The predominant cause of accidents with tourist drivers in Namibia is excessive speed on well-maintained gravel roads without there being another vehicle involved. A further cause of accidents is lack of concentration due to overly long driving times and low traffic density.

  • Gravel roads are unpredictable and we strongly recommend you pay careful attention to traffic signs, even the funny looking ones that have elephants, giraffes or warthogs painted on them. Those signs are not there to make you smile -although that’s a bonus- but because the animals in question roam there.
  • Your 4×4 vehicle is equipped with large fuel tanks and a water tank. Please make sure you keep them filled up at every available opportunity.
  • Avoid driving at night. Our wildlife doesn’t carry reflectors and they are really hard to see in the dark. You know the traffic regulations but can’t see the animals; the animals can see you but don’t know the traffic regulations. It’s a no – win situation.
  • Don’t drive for longer than 4 hours per day or more than 300km per day, whichever comes first. Driving in an environment you are not acquainted with will make you tired sooner than you think and you’ll lose concentration fast. Anyway, what’s the use of having been to places you haven’t really seen?
  • Always engage 4×4 High when driving on gravel and dirt roads. The all-wheel drive gives your vehicle a lot more stability and traction. Don’t forget to disengage when joining a paved road again!
  • Check your tyre pressure regularly. For prolonged gravel road driving your tyres should be at 1.8 – 2.0kpa and that’s less than the 2.4kpa recommended for high-speed paved roads. For soft sand or rocky terrain low-speed off-road driving your tyre pressure should be around 1.4kpa. Check on your spare wheels daily and make sure they’re OK. Good spare wheels come in very handy in case of a flat on your vehicle.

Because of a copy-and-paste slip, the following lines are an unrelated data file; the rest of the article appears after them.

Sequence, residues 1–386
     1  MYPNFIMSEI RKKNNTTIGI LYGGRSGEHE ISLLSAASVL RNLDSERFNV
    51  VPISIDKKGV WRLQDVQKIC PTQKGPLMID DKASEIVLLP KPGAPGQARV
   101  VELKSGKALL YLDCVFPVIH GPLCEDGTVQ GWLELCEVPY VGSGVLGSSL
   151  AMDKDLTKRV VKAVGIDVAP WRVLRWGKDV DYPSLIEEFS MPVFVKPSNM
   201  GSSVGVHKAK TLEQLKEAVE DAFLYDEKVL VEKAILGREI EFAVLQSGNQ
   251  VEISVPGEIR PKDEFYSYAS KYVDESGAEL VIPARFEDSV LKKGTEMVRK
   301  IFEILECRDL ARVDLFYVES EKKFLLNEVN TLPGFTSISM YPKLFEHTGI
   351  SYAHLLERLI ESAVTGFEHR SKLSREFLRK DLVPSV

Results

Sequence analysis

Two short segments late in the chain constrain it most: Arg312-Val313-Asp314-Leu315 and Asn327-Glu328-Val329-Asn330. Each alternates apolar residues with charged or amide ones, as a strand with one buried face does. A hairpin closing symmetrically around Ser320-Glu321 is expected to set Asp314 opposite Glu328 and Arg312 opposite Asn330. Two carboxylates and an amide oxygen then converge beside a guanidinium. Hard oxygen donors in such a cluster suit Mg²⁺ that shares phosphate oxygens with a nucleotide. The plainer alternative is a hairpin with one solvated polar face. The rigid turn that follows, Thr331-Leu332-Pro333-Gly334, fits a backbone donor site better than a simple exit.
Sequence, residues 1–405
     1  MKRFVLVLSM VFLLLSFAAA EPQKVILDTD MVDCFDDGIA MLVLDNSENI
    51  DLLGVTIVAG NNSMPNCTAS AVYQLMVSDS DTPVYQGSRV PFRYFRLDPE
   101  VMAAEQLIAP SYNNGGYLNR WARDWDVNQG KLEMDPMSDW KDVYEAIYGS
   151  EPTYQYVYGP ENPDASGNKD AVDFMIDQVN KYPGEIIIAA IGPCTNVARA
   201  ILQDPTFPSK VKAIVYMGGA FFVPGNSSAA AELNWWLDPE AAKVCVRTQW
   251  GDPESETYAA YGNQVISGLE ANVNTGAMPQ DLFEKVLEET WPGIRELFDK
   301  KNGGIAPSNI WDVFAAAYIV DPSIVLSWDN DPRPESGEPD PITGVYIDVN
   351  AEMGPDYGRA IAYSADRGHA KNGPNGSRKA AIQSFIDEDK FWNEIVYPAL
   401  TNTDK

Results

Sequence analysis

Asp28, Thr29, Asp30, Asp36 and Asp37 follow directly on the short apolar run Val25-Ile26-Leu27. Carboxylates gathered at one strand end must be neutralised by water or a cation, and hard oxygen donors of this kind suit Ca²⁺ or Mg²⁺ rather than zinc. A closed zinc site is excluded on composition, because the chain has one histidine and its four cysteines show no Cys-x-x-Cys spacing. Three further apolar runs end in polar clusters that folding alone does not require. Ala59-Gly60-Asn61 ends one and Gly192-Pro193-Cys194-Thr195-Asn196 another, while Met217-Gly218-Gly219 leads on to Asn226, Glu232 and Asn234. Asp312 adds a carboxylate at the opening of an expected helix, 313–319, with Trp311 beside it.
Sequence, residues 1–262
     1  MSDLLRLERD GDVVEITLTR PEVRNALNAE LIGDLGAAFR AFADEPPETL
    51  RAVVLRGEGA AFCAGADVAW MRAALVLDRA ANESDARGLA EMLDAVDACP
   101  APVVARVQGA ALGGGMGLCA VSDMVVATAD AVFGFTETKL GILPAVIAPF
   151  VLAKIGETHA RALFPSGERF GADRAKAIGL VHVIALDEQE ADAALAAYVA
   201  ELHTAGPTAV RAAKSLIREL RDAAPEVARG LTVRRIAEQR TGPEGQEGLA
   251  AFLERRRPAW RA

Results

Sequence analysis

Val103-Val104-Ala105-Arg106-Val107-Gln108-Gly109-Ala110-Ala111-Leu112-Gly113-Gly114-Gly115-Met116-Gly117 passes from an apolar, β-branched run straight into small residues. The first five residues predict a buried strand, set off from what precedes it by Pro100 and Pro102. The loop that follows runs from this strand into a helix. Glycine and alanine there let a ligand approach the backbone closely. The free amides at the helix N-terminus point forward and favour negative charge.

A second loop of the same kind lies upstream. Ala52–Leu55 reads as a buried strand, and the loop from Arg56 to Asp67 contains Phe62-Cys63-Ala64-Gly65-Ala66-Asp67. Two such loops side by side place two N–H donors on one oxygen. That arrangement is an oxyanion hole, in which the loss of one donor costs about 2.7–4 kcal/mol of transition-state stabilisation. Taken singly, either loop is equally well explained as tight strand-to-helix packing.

• Don’t drive too close up to wildlife. When they’re smaller than you the chances are they will run away and you won’t see them again. When they’re larger than you there’s the possibility they will force you into a panicky reverse. No off-road vehicle has ever won it from an elephant!
  • Be aware of very slippery roads in rainy weather conditions. Water makes sand turn into mud and it is notoriously difficult to keep control of your vehicle in mud.
  • Many accidents happen because drivers can’t brake in time for animals on the road and try to avoid a collision by turning sharp away from them thereby losing control and often rolling their vehicle. Don’t do this! Go slow so you can brake in time or, if the animal is rather small, hit it head on. You have a protective bull bar for such incidence. The magic words here are “rather small”; it doesn’t work with rhinos or elephants.
  •  It is advisable to participate in a 4×4 course in your home country or in Namibia, even for those who drive a 4×4 vehicle at home. Driving a 4×4 off road in the wilderness is surprisingly different from driving one to work in town.
  • Remember you’re on holiday. Take it easy and enjoy the astounding nature and fascinating scenery. Have fun!